10 Valuables in E-waste Electronics goods are composed of different materials, often of high value. Gold, platinum, silver, copper, etc. are valuable materials which recyclers recover from e-waste.
11 Why is E-waste a problem? The changing lifestyle of people and urbanization has lead to increasing rates of consumption of electronic products. This has made electronic waste management an issue of environment and health concern.
12 Hazardous in E-Waste E-waste contains a number of toxic substances such as lead and cadmium in circuit boards; lead oxide and cadmium in monitor cathode ray tubes (CRTs); mercury in switches and flat screen monitors; cadmium in computer batteries; polychlorinated biphenyls (PCBs) in older capacitors and transformers; and brominated flame retardants on printed circuit boards, plastic casings, cables and polyvinyl chloride (PVC) cable insulation that release highly toxic dioxins and furans when burned to retrieve copper from the wires.
13 Environmental and health hazards in E-Waste: Substance Occurrence in e-waste Environmental and Health relevance PCB (polychlorinated biphenyls Condensers, transformers Cause cancer, effects on the immune system, reproductive system, nervous system, endocrine system and other health effects. Persistent and bio accumulatable.
14 Substance TBBA (tetra bromo biphenol- A) PBB (polybrominated biphenyls) PBDE (polybrominated diphenyl ethers) Occurrence in e-waste Fire retardants for plastics (thermoplastic components, cable insulation) TBBA is presently the most widely used flame retardant in printed wiring boards and covers for components Environmental and Health relevance Can cause longterm period injuries to health acutely poisonous when burned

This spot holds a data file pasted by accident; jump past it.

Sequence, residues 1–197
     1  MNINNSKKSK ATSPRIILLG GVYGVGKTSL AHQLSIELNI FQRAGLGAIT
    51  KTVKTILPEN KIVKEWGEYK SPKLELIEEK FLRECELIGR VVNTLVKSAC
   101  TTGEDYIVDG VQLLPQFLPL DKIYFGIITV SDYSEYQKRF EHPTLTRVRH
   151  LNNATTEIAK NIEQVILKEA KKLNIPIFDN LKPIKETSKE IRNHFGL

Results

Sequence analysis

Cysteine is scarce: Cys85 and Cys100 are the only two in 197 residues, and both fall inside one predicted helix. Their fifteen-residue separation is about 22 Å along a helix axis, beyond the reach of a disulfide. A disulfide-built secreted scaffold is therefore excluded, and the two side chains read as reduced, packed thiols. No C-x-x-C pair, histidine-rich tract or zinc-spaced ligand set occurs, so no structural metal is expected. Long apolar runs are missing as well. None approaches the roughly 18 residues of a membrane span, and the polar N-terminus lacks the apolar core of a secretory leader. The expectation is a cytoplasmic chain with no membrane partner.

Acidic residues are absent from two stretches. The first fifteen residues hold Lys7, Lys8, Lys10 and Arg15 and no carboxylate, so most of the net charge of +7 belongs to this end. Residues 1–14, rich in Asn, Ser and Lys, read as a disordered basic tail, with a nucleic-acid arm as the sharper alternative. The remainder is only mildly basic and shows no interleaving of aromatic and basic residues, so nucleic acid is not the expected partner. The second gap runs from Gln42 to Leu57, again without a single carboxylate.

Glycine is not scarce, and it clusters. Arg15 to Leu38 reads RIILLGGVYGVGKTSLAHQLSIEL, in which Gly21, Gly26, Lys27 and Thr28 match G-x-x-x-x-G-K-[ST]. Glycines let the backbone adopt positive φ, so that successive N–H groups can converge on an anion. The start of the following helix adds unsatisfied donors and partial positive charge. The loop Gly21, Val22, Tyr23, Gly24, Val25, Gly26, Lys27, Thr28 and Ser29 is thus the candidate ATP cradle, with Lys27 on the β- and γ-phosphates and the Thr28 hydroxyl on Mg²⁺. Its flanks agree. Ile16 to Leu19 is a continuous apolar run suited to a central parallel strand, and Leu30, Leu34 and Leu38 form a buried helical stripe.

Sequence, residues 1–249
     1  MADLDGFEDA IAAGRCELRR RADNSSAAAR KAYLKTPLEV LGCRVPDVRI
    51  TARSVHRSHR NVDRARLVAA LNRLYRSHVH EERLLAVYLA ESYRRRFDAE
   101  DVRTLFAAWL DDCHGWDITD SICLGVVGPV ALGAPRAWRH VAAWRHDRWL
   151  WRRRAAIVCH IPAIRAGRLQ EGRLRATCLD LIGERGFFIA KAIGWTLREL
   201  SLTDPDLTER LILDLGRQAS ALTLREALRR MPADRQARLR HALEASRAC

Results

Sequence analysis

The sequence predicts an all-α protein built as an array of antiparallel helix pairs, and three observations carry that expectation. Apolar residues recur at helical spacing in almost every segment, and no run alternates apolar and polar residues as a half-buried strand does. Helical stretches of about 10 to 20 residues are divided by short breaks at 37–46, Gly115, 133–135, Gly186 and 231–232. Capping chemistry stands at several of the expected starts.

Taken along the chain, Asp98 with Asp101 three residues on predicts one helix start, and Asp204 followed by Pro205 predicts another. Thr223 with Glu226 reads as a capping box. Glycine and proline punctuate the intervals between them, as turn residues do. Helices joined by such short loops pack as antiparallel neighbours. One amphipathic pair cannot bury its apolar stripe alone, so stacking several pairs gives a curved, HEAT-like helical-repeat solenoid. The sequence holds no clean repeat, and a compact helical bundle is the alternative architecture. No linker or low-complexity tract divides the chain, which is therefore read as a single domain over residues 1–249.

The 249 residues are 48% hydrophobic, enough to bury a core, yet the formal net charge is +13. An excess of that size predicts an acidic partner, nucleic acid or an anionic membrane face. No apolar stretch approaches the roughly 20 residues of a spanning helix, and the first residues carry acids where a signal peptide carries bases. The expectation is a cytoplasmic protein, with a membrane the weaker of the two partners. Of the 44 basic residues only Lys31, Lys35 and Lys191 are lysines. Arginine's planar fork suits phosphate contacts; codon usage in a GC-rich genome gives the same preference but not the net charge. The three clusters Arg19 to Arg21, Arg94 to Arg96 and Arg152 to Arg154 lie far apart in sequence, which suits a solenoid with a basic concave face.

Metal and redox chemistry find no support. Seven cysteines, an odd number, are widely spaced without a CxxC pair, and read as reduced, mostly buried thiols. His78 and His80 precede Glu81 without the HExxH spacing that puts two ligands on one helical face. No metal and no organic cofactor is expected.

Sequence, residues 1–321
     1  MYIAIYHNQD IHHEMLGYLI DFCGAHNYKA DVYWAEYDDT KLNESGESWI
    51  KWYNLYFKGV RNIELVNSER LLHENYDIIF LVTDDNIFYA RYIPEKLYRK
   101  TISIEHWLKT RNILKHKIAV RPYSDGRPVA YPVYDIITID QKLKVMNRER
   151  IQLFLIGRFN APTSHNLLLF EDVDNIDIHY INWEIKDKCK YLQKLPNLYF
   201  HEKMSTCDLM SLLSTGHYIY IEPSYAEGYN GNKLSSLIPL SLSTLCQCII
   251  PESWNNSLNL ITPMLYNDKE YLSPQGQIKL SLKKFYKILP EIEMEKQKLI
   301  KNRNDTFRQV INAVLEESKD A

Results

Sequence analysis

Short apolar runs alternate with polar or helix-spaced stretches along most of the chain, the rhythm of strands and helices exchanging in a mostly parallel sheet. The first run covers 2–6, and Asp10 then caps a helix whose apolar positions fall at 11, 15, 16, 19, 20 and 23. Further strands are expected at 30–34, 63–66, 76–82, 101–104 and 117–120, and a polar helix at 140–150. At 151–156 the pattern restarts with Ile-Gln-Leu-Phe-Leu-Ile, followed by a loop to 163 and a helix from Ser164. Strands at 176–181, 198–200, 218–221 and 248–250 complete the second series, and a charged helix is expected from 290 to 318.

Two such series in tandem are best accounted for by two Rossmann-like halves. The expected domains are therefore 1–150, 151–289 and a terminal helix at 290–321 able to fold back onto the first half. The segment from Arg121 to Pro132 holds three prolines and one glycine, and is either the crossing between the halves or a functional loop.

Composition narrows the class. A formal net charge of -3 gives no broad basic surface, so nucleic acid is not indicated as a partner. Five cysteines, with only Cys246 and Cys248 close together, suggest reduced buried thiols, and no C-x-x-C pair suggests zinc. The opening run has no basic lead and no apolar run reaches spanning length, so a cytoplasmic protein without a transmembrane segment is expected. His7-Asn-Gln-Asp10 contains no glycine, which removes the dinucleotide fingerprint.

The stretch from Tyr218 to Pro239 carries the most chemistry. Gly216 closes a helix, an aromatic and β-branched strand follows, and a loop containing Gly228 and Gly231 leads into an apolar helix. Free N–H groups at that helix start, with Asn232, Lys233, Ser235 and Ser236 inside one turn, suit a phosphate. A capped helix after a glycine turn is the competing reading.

15 Substance Occurrence in e-waste Environmental and Health relevance Chlorofluorocarbon (CFC) PVC (polyvinyl chloride) Cooling unit, insulation foam Combustion of halogenated substances may cause toxic emissions, Dangerous to Ozone Layer- CFC.
16 Heavy metals and other metals: Substance Occurrence in e-waste Environmental and Health relevance Arsenic Small quantities in the form of gallium arsenide within light emitting diodes Acutely poisonous and on a long-term perspective injurious to health
17 ENVIRNOMENTALLY SOUND MANAGEMENT FOR E-WASTE The Environmentally Sound Technologies for e-waste treatment involves complex treatment Rationally is driven by Material Flow. This is compared with best available technology and e-waste treatment technology currently used in India. These guidelines are reference document for the estimation, handling and disposal of e -wastes. These are intended to provide a broad outline, however, the specific method of treatment and disposal for specific wastes needs to be worked out according to the hazard/risk potential of the waste under question. These guidelines provide the minimum practice required to be followed in the management of e-wastes.
18 Need for Environmentally Sound Management Based on the outcome of the studies carried out and the consensus arrived at the National Workshop on electronic waste management held in March 2004 and June 2005 organized by CPCB and Ministry of Environment & Forests an assessment was made of the existing practice in the e-waste management. (a) Increasing amount of E- Waste: Product obsolescence is becoming more rapid since the speed of innovation and the dynamism of product manufacturing / marketing has resulted in a short life span (less than two years) for many computer products. Short product life span coupled with exponential increase at an average 15% per year will result in doubling of the volume of e-waste over the next five to six years.